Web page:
Sniper Elite: Nazi Zombie Army Review
This stand-alone zombie expansion for Sniper Elite V2 can be a lot of fun in four-player co-op, but the action gets monotonous over time.
- Satisfying zombie headshots
- Fun four-player co-op.
- Simple gameplay gets monotonous
- Playing alone can get both boring and frustrating
- Repetitive level design and enemy types.
It’s the most cherished of World War II stories: There was Hitler, then Hitler summoned demonic zombies, and then the Allied forces really wished to be rid of both those things. That’s pretty much the extent of the plot in Sniper Elite: Nazi Zombie Army, the stand-alone, multiplayer-focused expansion to the much more serious Sniper Elite V2. And that’s perfectly fine–zombies and Nazis are already two of video gaming’s most hated enemies. Do you really need a good reason to shoot hundreds of zombies in the head?
The twist that supposedly sets this zombie experience apart from the many other zombie-related games available right now is that Nazi Zombie Army is built on the Sniper Elite format, except it’s so far removed from the source material that it almost doesn’t feel similar at all. Gone are the stealth elements and deliberate pacing of the original Sniper Elite V2. There’s no sneaking up on a zombie or trying to get through an area without being detected. In fact, most areas require you to eliminate most, if not all, of the undead around you before you can move on, and there’s nothing quiet about it.
There is less emphasis placed on bullet drop and wind than you may expect if you’ve played other games in the series; here, where you aim is usually where your bullet is going to go. This is good for the more action-heavy pace NZA sets, because you can’t spend too long lining up a perfect shot when dozens of enemies shamble toward you, but it also means that one of the staples of the Sniper Elite series is missing from this game that bears its name. As a result, the game feels a lot like plenty of other third-person shooters out there.
One thing that’s not missing from the franchise, though, is the kill cam, which shows off some of your better shots in brutal slow motion, cutting to an X-ray shot of your bullet smashing through a zombie’s skull or into another vital organ. While this feature could make some uncomfortable when applied liberally to the human enemies of past games, it feels more over the top and even humorous when zombies and skeletons are the victims. The killcam helps make headshots immensely satisfying throughout the game, though it can grow tiresome if you it’s triggered too frequently. Thankfully, the frequency of these slow-motion shots can be adjusted or they can be turned off completely.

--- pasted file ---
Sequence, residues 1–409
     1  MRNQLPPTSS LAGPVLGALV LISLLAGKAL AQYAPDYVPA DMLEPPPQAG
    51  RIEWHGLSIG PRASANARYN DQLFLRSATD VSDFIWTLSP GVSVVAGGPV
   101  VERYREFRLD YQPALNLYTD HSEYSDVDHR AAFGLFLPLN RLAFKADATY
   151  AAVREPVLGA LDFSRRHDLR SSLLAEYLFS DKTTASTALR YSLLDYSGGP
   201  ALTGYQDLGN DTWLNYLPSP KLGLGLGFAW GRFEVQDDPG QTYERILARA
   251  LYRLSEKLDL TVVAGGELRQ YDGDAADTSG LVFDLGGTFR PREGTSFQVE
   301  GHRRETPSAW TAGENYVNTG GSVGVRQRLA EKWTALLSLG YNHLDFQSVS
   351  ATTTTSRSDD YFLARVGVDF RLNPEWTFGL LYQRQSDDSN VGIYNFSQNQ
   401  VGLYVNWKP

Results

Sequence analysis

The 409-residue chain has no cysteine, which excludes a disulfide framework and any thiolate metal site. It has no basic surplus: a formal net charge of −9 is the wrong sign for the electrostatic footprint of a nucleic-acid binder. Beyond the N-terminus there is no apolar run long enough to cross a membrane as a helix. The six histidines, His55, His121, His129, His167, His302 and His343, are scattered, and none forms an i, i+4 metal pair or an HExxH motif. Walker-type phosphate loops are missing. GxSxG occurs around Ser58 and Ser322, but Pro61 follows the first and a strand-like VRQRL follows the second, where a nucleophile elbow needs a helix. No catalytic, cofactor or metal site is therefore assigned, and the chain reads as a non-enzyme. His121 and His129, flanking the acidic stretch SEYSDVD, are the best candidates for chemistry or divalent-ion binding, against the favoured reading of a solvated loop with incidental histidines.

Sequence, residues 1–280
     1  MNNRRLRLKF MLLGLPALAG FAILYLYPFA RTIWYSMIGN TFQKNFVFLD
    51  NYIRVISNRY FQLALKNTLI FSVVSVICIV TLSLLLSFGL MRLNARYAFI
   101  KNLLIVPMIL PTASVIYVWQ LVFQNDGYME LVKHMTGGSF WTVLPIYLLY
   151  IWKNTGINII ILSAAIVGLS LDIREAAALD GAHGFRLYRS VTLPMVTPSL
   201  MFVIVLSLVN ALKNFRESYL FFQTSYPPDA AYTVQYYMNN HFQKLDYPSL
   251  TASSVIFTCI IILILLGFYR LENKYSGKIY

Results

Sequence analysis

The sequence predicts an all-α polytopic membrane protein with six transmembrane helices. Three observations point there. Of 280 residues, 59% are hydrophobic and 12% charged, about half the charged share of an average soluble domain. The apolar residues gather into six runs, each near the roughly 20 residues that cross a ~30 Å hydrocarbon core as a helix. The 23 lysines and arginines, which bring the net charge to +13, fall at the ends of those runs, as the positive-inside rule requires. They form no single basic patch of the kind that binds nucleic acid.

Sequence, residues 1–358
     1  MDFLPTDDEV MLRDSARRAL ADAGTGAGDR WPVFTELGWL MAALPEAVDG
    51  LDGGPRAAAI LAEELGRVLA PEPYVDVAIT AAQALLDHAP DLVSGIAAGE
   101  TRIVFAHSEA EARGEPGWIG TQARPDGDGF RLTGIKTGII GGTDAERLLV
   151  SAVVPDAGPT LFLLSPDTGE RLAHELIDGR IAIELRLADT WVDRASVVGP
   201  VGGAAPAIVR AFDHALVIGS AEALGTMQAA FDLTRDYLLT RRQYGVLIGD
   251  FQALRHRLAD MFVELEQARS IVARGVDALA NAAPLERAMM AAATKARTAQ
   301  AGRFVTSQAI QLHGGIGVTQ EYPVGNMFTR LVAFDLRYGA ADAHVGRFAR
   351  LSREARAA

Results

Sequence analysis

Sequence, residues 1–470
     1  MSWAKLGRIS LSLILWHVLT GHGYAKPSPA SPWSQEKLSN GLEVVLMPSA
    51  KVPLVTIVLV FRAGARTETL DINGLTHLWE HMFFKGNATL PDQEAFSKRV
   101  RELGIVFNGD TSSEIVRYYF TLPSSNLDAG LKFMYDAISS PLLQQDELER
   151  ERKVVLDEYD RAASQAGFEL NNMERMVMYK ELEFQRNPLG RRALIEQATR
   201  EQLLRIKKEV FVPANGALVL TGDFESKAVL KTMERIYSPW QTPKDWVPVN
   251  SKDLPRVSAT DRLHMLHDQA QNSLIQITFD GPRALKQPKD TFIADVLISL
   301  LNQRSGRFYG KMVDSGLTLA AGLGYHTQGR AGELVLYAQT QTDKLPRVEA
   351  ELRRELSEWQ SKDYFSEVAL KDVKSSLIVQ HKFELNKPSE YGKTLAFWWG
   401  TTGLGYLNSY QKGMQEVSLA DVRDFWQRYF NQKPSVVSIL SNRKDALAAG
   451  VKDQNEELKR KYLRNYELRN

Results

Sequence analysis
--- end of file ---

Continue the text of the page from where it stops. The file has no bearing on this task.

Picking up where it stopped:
You find yourself on a lot of linear paths and in several small spaces while marching across undead Berlin. Tight corridors can be great for certain aspects of a typical zombie game–they can make you feel claustrophobic, as if there’s nowhere to run–but they don’t work as well for a game in which your primary weapon is a sniper rifle. Yes, you have a pistol and a sub-weapon (usually some sort of machine gun) at your disposal, but shooting them isn’t nearly as satisfying as firing the rifles, and you aren’t usually given much ammo for them. Empty your Thompson clips too fast, and you may find yourself frantically trying to snipe a skeleton from about three feet away. Items like grenades, trip wires, and land mines can help you out of sticky situations (or help prevent you from getting into them), or they can be used to gleefully blow up a dozen zombies at once just to watch their bodies fly.
There is a tendency for the gameplay to become monotonous, especially when you’re playing alone. Press the right mouse button, aim at zombie head, shoot, and then do it again. The structure of the levels tends to encourage finding a spot to kneel down, unmoving, and shooting things for a while until the enemies either get too close or are all dead. This approach loses its luster sooner than you would like. Cooperative multiplayer for up to four people breathes some extra life into the formula, though, and is the preferred way to play. While your actions are mostly the same, things get more frantic when the enemy count is high and you have allies to watch out for. Get a group of four reliable partners together, bump up the difficulty level, and you have the best way to blast through the game’s five missions, which will probably take you around five hours to finish.
You do want reliable partners if at all possible. If someone disconnects on you mid-game, you have no option to invite new people without dropping back to the lobby and losing all progress. So if you lose a teammate or two near the end of a level, you can either finish alone or take a big 45-minute step back. Thankfully the game adjusts to the player count and goes easier on you when you’re by yourself, giving you much more generous checkpoints when you don’t have allies to bring you back from the brink of death. But it can still be disheartening when you’re marching through a level with three buddies only to have to end the journey alone (though there’s something to be said for being the last survivor of a zombie outbreak).
There’s a good chance you will have had your fill of Nazi Zombie Army by the time its five missions end. Its five enemy types (six if you count a boss you fight twice) and linear structure don’t allow for enough variety to keep things fresh with repeated playthroughs. Those desperate for an excuse to return to levels after finishing them can try to hunt down hidden Nazi gold and well-hidden bottles of blood, but this isn’t a fantastic incentive to boot the game up. You may find more enjoyment in going after a high leaderboard score, earning more points for success kills at longer ranges. It’s a fun game with friends, but most of the action is as brainless as the undead hordes you’re slaughtering.